Carbonate apatite (CO 3 Ap) block can be used as a bone substitute because it can be remodeled to new natural bone in a manner conforming with the bone remodeling process. Among the many porous structures available, honeycomb (HC) structure is advantageous for rapid replacement of CO 3 Ap to bone. In this study, the feasibility to fabricate a CO 3 Ap HC was studied, along with its initial tissue response in rabbit femur bone defect. First, a mixture of Ca(OH) 2 and a wax-based binder was extruded from a HC mold. Then the fabricated HC was heated for binder removal and carbonation at 450°C in a mixed O 2 –CO 2 atmosphere, forming a CaCO 3 HC. When the CaCO 3 HC was immersed in 1 mol/L Na 3 PO 4 solution at 80°C for 7 days, its composition changed from CaCO 3 to CO 3 Ap, maintaining the structure of the original CaCO 3 HC. Compressive strengths of the CaCO 3 and CO 3 Ap HCs were 65.2 ± 7.4 MPa and 88.7 ± 4.7 MPa, respectively. When the rabbit femur bone defect was reconstructed with the CO 3 Ap HC, new bone penetrated the CO 3 Ap HC completely. Osteoclasts and osteoblasts were found on the surface of the newly formed bone and osteocytes were also found in the newly formed bone, indicating ongoing bone remodeling. Furthermore, blood vessels were formed inside the pores of CO 3 Ap HC. Therefore, CO 3 Ap HC has good potential as an ideal bone substitute.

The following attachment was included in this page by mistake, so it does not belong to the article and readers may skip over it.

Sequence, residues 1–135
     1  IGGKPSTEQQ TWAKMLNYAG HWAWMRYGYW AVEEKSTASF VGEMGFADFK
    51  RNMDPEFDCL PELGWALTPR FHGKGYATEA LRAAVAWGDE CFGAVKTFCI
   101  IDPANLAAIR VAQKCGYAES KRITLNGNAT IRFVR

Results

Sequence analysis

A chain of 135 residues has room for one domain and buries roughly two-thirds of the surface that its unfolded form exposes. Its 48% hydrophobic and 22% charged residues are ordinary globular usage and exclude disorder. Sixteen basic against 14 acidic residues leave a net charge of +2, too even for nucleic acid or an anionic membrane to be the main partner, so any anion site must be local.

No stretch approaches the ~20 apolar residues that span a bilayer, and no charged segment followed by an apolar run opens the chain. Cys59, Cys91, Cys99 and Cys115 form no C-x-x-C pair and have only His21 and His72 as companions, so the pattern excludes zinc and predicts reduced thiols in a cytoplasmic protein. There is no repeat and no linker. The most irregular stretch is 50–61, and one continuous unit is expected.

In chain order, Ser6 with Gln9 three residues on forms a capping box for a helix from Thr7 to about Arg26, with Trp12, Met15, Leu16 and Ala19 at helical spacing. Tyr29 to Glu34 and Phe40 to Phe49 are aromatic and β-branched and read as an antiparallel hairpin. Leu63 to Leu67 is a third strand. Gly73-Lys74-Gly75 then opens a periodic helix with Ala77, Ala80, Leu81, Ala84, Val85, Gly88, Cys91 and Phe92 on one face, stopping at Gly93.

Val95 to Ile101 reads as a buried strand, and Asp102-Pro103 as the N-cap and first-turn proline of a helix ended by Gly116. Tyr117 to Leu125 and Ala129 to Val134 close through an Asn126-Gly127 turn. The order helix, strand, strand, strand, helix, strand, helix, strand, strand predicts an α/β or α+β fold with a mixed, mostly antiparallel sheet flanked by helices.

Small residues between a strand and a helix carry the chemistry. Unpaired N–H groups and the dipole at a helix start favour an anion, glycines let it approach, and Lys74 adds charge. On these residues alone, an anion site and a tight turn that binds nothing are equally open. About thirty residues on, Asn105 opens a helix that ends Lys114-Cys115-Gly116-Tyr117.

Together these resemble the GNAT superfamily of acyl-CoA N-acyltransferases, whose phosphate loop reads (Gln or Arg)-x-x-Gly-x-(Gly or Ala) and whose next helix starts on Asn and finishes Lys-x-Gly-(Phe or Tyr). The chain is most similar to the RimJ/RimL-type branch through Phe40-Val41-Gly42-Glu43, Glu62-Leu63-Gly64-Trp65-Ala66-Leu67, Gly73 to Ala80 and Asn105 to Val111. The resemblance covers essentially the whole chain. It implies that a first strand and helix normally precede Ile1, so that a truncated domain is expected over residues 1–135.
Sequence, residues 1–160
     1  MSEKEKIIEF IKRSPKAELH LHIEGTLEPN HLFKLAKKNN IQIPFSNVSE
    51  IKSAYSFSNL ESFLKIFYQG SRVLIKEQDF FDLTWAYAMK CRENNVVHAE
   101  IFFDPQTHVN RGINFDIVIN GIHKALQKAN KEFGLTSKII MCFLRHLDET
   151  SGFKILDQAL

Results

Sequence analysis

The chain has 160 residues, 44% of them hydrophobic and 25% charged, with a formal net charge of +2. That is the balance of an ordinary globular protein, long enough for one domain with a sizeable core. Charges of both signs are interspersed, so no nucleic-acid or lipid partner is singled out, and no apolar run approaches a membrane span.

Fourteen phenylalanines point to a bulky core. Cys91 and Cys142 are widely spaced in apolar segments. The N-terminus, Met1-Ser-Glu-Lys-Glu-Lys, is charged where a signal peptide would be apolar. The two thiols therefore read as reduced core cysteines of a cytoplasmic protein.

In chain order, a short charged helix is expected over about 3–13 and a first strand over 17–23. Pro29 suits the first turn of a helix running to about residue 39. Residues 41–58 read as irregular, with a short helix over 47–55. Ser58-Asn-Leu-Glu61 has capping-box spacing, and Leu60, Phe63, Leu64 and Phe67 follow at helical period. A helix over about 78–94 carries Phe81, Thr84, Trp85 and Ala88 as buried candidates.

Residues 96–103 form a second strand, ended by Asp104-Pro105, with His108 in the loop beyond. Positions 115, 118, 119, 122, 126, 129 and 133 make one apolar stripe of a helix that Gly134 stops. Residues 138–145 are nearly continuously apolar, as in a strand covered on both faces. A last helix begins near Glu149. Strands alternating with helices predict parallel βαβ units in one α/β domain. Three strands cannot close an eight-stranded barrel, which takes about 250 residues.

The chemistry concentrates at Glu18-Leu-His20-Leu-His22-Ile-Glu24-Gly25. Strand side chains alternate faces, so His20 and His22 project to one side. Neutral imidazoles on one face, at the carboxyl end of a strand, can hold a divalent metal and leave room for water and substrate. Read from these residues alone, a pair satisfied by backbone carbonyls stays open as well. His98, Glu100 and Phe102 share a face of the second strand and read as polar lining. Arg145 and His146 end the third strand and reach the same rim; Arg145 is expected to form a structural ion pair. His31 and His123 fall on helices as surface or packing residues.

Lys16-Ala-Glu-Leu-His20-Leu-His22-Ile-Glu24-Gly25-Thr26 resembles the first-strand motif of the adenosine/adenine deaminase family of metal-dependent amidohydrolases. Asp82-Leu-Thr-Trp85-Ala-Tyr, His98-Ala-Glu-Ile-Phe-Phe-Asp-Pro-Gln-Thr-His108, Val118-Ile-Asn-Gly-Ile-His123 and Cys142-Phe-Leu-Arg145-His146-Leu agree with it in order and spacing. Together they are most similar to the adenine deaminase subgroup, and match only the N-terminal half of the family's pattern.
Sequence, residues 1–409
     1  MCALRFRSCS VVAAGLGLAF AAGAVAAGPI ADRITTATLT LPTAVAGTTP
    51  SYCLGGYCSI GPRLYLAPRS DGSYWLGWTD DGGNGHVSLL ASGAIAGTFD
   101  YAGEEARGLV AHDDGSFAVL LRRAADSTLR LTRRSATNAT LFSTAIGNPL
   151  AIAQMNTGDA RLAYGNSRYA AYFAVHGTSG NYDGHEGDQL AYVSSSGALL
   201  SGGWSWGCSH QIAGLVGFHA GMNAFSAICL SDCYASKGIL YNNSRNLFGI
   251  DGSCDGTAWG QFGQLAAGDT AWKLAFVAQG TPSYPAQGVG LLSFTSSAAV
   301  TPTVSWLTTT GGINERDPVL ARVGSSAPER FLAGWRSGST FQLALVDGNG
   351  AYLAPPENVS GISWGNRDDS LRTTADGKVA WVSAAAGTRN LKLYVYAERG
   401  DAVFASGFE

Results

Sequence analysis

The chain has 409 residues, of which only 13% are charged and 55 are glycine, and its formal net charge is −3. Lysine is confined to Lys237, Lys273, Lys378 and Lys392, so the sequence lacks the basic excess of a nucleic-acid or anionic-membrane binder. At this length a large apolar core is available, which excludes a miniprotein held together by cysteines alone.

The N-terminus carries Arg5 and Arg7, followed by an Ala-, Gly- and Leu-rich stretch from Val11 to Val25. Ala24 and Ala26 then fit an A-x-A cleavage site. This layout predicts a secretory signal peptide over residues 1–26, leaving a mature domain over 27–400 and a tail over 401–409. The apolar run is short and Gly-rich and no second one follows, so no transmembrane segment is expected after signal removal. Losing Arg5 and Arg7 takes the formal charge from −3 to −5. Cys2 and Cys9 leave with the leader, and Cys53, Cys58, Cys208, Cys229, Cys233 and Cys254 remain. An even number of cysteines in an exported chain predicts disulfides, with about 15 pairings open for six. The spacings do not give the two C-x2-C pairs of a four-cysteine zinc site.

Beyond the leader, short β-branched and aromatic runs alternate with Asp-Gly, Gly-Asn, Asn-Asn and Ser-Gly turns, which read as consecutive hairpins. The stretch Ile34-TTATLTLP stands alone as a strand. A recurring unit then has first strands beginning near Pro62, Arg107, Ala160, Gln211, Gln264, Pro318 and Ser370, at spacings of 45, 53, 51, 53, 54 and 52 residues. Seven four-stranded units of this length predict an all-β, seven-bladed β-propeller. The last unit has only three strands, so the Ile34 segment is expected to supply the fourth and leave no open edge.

All Science Journal Classification (ASJC) codes
- Ceramics and Composites
- Biomedical Engineering
- Metals and Alloys